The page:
Rev. Kelvin Sauls (File photo)

In a season when we are on yet another journey to commemorate the birth of the “Prince of Peace,” born and raised in Palestine, many communities and countries find themselves in the midst of war. From Israel’s genocide in Gaza to a holocaust unfolding in the eastern region of the Democratic Republic of Congo. Six million have died, and more than 6.5 million are displaced after decades of fighting and the ensuing humanitarian crisis.

Neighbors, mercenaries, and militias has exasperated the merciless mayhem. Both wars are funded and fueled by western governments who benefit through policies of neo-colonization, occupation, the military industry complex, and the coveting of essential natural resources.

Though implying the message of peace, the season of lights undoubtedly imposes unwelcome anxiety, insecurity, and vulnerability! Hence, peace might be the least expensive gift, personally and familiarly, communally, and globally, but it’s sho’nuff the most valuable and needed for such a time as this. With Christmas being cancelled in Bethlehem in solidarity with a global call for an immediate humanitarian ceasefire, and eventual end of occupation, we must remain steadfast on our pursuit of a just peace that will make conditions conducive for equitable belonging in safety and security for everyone.
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In his letter to the Jesus-followers in Philippi, the Apostle Paul talks about the nature of such a peace as “the peace of God.” He writes, “…and the peace of God which reassures the heart, transcends all understanding, stands guard over your hearts and your minds in Christ Jesus…this peace of God is yours.” (Philippians 4:7). The peace needed amid raging wars is not one characterized by mere words and signing of accords, but “the peace of God.” Even though God’s peace is not limited to the spiritual realm, no president or prime minister, politician or pastor can provide “the peace of God.”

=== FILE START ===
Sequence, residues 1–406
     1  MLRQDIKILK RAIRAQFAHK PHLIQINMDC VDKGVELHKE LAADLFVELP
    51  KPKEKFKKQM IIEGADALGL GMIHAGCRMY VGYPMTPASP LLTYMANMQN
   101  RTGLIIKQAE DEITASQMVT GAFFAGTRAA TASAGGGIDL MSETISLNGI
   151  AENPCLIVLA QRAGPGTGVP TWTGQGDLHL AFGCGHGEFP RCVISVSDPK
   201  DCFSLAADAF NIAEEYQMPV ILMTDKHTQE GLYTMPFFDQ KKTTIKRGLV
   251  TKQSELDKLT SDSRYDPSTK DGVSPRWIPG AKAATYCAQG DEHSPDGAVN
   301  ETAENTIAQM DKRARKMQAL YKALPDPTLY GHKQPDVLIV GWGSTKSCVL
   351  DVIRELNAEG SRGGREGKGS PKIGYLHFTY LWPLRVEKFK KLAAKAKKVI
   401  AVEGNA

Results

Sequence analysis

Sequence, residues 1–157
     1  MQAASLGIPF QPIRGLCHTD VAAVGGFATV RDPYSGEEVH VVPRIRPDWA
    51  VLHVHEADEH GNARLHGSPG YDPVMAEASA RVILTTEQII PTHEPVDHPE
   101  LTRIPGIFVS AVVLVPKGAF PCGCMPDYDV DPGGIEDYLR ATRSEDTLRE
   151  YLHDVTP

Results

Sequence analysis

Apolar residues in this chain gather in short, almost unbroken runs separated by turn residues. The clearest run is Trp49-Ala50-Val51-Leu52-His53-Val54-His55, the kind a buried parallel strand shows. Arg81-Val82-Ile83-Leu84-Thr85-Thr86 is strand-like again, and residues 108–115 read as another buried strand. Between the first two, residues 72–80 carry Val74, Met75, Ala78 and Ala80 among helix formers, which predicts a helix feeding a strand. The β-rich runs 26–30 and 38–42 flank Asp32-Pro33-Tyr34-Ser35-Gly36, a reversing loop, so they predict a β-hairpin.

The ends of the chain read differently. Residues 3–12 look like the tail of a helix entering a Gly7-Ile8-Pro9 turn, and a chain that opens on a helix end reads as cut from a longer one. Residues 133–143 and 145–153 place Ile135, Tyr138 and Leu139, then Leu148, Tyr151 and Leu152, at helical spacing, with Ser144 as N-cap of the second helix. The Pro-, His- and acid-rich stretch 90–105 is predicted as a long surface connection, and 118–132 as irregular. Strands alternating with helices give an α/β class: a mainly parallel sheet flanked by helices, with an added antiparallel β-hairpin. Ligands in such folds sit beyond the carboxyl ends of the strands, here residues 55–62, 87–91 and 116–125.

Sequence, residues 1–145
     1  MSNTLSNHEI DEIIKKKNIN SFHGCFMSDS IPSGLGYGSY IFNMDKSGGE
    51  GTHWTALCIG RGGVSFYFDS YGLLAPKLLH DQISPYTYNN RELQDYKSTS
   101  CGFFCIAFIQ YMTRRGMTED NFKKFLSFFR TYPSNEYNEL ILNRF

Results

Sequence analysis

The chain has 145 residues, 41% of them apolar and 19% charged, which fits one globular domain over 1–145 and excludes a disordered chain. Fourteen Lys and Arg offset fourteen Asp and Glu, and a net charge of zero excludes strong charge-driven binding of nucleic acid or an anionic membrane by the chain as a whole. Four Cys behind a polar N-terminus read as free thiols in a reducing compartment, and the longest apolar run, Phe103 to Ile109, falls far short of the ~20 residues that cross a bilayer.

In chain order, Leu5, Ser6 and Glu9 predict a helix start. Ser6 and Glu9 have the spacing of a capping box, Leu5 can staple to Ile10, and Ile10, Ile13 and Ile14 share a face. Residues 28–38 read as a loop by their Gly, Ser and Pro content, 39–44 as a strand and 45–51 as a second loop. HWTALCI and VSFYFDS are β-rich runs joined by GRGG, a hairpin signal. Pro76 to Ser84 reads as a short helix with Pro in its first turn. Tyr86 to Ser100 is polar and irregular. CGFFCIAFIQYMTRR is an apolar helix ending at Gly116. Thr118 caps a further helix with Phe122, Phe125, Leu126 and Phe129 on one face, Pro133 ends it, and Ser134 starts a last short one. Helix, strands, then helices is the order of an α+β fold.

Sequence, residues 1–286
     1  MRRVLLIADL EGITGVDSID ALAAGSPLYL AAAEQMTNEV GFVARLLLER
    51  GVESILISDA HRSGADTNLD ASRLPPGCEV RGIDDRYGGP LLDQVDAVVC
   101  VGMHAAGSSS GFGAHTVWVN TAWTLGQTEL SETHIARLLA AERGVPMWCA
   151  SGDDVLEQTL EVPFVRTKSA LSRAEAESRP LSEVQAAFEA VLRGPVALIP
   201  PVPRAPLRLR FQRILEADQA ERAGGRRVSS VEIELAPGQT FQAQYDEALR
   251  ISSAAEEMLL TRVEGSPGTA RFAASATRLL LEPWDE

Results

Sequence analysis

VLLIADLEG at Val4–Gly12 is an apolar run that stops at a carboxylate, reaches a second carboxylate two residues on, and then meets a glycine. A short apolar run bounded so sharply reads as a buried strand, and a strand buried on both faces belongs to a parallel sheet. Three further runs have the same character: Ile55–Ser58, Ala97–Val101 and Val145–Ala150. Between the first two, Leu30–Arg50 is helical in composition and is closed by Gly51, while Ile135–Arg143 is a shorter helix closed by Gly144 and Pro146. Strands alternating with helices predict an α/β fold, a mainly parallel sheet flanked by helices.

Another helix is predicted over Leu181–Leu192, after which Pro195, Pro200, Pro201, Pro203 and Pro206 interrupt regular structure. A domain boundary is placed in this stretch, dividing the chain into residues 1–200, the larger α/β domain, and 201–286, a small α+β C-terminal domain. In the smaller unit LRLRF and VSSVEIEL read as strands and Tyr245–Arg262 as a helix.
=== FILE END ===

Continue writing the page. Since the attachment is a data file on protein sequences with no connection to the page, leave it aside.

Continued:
The all-encompassing “peace of God” affect, infect and influence every aspect of our lives. Hence, like war, “the peace of God” must be waged! In paraphrasing Mahatma Ghandi, Rev. Dr. Martin Luther King, Jr  brought profound perspective to “the peace of God which passes all understanding with the following words, “Peace is not merely the absence of war but the presence of (racial, social and economic ) justice…”

Until we achieve this kind of peace, anxiety and insecurity, vulnerability and uncertainty will abound and accompany us before, during and after this season when we commemorate the birth of the Prince of Peace from Palestine. Standing on the bold and broad shoulders of Ghandi and King, former President Barack Obama puts such a comprehensive and liberative “peace of God” as follows, “Peace is not just the absence of war. True peace depends upon creating the opportunity that makes life worth living. And to do that, we must confront the common enemies of human beings: nuclear weapons and poverty; ignorance and disease.”

While it might seem illusive, I submit to you that one of the greatest gifts this festive season, is pursuing and practicing “the peace of God which passes all understanding.” Reach for it! Be it! Realize it! Become it!

With opened eyes, and an enlarged circle of concern, empathy and compassion, join me in the “Prayer of St. Francis:”
“Lord, make me an instrument of your peace,
Where there is hatred, let me sow love;
Where there is injury, pardon;
Where there is doubt, faith;
Where there is despair, hope;
Where there is darkness, light;
Where there is sadness, joy…”

From Palestine to the Congo, may the peace of God, which disrupts and destroys  all schemes of deception and colonization, occupation and exclusion, exploitation and marginalization, prevail in our hearts, heads and hands.

Reach for the peace of God! Be it! Realize it! Become the peace if God! Let it be so, in this season and beyond!!